For example, in the box I type Homo sapiens, the technical name for humans. Here's what I get with words in parentheses being my own explanations and the traditional categories being shown in red:

cellular organisms (no rank)
Eukaryota (superkingdom)
Fungi/Metazoa group (no rank)
Metazoa (kingdom)
Eumetazoa (no rank)
Bilateria (no rank)
Coelomata (no rank)
Deuterostomia (no rank)
Chordata (phylum)
Craniata (subphylum)
Vertebrata (no rank)
Gnathostomata (superclass)
Teleostomi (no rank)
Euteleostomi (no rank)
Sarcopterygii (no rank)
Tetrapoda (no rank)
Amniota (no rank)
Mammalia (class)
Theria (no rank)
Eutheria (no rank)
Euarchontoglires (superorder)
Primates (order)
Haplorrhini (suborder)
Simiiformes (infraorder)
Catarrhini (parvorder)
Hominoidea (superfamily)
Hominidae (family)
Homininae (subfamily)
Homo (genus)
sapiens (species)

When you do the above exercise with several species you'll see that the classification system of some species has more subcategories than others. That's because in the Evolutionary Tree of Life some branches diversify much more vigorously than others. Species in the faster evolving branches generate more kinds of life forms than those in the slower evolving ones, and that translates into more categories needed to represent those species' full lineage and set of relationships.

If you're unsure about the "Evolutionary Tree of Life" concept, check out our  Tree of Life Page.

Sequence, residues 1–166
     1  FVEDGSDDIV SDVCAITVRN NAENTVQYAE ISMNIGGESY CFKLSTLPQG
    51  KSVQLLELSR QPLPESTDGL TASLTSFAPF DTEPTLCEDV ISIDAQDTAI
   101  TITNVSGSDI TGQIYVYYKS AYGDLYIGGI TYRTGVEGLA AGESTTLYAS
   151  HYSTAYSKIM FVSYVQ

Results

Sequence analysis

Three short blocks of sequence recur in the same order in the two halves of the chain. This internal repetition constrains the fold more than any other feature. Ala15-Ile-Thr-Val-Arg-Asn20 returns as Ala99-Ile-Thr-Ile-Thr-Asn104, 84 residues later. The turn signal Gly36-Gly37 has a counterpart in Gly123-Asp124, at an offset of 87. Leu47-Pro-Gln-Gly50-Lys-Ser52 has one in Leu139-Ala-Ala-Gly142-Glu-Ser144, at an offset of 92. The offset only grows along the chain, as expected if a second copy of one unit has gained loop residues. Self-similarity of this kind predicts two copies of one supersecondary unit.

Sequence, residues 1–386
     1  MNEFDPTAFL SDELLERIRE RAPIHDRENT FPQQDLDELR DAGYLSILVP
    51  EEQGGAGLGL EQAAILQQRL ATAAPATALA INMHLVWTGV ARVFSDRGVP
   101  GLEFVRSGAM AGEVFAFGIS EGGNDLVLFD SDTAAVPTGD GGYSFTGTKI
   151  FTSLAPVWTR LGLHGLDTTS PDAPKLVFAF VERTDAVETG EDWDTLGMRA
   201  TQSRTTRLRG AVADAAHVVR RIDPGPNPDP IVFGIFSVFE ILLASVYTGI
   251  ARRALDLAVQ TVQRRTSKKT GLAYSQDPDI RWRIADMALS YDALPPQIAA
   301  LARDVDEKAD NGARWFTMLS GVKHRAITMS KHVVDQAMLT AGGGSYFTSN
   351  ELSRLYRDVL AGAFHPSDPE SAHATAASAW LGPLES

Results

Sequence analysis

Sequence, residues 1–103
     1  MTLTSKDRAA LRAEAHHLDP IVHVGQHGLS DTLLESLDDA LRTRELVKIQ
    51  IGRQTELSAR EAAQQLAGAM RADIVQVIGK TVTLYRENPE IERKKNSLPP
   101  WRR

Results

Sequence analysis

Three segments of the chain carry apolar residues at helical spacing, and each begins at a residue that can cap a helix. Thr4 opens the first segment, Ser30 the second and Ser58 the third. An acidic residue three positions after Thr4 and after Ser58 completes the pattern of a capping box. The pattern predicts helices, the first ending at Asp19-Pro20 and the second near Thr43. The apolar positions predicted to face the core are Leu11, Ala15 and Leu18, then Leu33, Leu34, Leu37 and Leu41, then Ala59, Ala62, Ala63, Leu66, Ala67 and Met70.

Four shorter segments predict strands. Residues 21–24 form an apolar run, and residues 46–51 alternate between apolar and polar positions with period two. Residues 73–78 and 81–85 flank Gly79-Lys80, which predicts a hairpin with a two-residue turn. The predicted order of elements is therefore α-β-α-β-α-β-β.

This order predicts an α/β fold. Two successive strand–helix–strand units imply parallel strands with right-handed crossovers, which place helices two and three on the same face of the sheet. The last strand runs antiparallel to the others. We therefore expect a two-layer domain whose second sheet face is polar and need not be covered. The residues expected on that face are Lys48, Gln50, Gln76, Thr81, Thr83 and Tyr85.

Basically the Tree of Life concept reflects the manner by which the various groups and species of organisms arose during the course of evolution by branching off  ancestral species. If we're talking about birds called shrikes and we say that the whole genus has hooked bills, we're implying something profound. We're suggesting that at a certain point in bird evolution a species arose with a hooked bill and other characteristics today associated with shrikes, and this species became the ancestor of all the many shrikes that exist today, the proto-shrike, the first of its genus.


To cement in our minds the above concepts, let's practice talking about them. For instance, we can say that the above breakdown shows that all birds belong to the same class. By the same token, all mammals, from mice to humans, belong to the same class. Among plants, all flowering plants comprise the angiosperm class, and all conifers, such as pines and spruces, comprise the conifer class. In the bird world, there are only around thirty orders and one order holds the woodpeckers, another the penguins, and another all the passerines, or perching birds. In the plant world, only specialists deal with orders. Much more important are plant families, such as the Oak Family, the Grass Family, and the Sunflower, or Composite, Family.

Specialists seldom speak of "the Shrew Family" or "the moss division of plants." They use technical, Latinized words. The Shrew Family is the Soricidae, while the moss division of plants is known as the Bryophyta. Since we're beginners, however, we don't really need to wrestle with these terms.

By the way, the science dealing with scientific names is called taxonomy.

Cite this page as:
Conrad, Jim. Last updated . Page title: . Retrieved from The Backyard Nature Website at .